"Far from 'modernizing' EPA's air, water and hazardous waste permit appeals process, this rule would take us backwards - back to a time when industries could pollute without consequence and when Americans had little say over the projects built in their own backyard," Sen. Tom Carper (D-Del.), ranking member of the Senate Environmental and Public Works Committee wrote in a letter to the agency shortly before the final rule was released.
"This proposed rule is yet another short-sighted attack on the ability of communities, including low-income communities and communities of color, to have a meaningful voice in projects that impact their health," he added.
The new rule would give the EAB 60 days to make decisions on challenged permits, and allow the board to give itself a one-time 60-day extension for issues that it decides need more time.
It would also get rid of the EAB's ability to review regional permits on its own, though the agency says this option is rarely used and creates 12-year term limits for EAB judges. It allows the EPA administrator to weigh in on any matter before the board.
The rule was first proposed in December, although the finalized version contained significant differences.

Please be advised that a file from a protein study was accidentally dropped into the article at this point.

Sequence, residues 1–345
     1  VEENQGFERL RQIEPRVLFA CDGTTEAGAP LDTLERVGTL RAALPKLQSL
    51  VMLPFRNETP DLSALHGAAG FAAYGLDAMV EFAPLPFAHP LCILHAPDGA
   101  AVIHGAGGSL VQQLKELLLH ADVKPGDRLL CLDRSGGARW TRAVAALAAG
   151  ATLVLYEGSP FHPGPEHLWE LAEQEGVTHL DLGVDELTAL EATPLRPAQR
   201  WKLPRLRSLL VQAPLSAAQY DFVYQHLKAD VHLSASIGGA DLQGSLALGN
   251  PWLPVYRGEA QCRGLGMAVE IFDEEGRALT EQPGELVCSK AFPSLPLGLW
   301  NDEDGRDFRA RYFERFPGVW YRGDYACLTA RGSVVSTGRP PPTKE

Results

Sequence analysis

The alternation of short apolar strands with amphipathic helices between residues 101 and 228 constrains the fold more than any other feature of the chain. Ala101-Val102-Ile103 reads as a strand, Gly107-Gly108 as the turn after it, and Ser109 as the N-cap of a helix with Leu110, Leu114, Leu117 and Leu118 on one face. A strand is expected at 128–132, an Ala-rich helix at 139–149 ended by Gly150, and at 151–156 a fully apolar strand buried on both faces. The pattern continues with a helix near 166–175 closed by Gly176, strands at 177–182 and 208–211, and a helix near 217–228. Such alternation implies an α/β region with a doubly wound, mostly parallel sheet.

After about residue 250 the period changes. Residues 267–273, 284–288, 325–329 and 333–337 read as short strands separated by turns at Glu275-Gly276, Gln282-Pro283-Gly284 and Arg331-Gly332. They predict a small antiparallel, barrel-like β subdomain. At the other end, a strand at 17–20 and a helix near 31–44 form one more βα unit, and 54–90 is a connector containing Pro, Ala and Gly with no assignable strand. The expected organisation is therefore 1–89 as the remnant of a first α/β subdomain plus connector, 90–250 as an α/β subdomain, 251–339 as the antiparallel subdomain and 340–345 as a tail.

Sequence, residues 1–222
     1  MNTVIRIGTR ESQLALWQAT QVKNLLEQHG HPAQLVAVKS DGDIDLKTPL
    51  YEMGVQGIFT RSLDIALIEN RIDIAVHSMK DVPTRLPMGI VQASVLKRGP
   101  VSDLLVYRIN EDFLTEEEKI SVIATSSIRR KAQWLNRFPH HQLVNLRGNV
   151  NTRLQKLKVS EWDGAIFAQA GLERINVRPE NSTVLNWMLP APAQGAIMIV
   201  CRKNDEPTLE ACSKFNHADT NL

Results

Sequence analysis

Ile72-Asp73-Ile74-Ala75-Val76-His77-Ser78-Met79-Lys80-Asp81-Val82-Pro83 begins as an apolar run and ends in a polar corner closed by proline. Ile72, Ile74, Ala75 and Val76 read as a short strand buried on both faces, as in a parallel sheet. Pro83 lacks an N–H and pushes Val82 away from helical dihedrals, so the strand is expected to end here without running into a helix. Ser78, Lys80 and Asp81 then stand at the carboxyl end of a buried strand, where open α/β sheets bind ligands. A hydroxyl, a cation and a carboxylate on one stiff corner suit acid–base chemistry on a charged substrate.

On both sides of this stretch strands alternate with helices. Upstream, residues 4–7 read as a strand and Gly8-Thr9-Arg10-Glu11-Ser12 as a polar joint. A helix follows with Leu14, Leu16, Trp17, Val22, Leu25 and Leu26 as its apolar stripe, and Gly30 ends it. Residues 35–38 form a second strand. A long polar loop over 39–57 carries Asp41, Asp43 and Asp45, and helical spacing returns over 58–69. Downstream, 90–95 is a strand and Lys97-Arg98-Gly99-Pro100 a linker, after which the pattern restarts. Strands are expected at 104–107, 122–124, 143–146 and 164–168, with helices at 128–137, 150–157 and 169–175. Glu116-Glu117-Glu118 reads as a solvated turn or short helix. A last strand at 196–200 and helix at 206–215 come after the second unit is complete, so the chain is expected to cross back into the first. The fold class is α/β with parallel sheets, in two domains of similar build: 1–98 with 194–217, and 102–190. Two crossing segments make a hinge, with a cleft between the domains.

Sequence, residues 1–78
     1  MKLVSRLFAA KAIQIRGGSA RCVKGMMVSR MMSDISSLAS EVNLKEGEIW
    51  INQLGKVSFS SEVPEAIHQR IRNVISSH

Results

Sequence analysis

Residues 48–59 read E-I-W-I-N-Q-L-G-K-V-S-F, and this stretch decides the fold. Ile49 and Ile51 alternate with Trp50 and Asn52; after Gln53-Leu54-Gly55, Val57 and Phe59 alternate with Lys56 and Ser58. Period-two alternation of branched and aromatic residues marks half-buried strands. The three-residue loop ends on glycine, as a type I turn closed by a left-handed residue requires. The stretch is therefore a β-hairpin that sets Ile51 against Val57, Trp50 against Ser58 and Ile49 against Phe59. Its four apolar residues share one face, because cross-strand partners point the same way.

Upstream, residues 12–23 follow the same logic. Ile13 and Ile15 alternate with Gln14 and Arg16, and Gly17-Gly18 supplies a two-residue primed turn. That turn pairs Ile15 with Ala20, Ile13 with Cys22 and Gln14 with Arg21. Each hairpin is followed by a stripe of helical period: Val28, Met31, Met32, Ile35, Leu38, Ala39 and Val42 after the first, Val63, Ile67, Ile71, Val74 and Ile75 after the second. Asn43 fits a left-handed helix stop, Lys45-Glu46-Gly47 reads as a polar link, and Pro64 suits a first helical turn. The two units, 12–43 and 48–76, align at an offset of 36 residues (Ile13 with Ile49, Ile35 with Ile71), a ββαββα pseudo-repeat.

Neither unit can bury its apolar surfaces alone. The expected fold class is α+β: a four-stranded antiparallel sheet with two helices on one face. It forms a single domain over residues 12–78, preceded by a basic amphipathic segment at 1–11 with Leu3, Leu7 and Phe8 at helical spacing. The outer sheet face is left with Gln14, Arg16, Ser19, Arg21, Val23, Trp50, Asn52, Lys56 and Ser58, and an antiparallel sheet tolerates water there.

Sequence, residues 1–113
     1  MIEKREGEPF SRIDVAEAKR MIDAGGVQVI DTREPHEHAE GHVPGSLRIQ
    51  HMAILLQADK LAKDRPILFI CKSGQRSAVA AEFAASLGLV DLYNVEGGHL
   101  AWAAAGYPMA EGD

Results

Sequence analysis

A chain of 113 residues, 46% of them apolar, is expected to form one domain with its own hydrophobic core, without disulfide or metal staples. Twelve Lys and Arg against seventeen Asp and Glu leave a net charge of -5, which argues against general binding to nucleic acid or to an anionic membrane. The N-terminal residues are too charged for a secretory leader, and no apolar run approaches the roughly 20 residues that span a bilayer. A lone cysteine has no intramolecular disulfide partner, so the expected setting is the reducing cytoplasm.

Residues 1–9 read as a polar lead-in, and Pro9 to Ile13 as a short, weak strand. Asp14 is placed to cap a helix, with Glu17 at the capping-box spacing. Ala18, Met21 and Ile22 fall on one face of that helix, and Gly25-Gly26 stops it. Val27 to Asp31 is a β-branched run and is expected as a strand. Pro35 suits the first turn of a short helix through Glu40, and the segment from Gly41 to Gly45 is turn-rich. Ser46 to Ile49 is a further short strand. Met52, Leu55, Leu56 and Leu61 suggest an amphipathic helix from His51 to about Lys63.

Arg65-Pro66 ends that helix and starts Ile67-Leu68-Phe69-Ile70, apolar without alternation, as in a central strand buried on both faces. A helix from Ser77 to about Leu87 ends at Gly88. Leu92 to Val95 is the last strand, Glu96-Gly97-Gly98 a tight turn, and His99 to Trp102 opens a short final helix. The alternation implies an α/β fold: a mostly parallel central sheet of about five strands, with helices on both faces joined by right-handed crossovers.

That proposal would have let parties challenge permits through either an EAB hearing or an alternative dispute resolution (ADR), but if the groups couldn't agree, the permit would be automatically approved but subject to a federal court challenge. This provision did not make it into the final rule.
Read more here.
READY FOR TAKEOFF: The Environmental Protection Agency (EPA) on Wednesday proposed new regulations to hinder emissions from air travel, prompting criticism the agency is codifying standards many aircraft makers have already met.
The proposal from the EPA would adopt 2017 emissions standards from the International Civil Aviation Organization (ICAO), the United Nations's top aviation authority, which aimed to reduce greenhouse gas emissions from new aircraft by 4 percent over 12 years.
But both critics and the EPA found the standards would do little to improve emissions as they mirror advancements the industry is already making.
"EPA is not projecting emission reductions associated with today's proposed GHG regulations," the agency wrote in the proposal.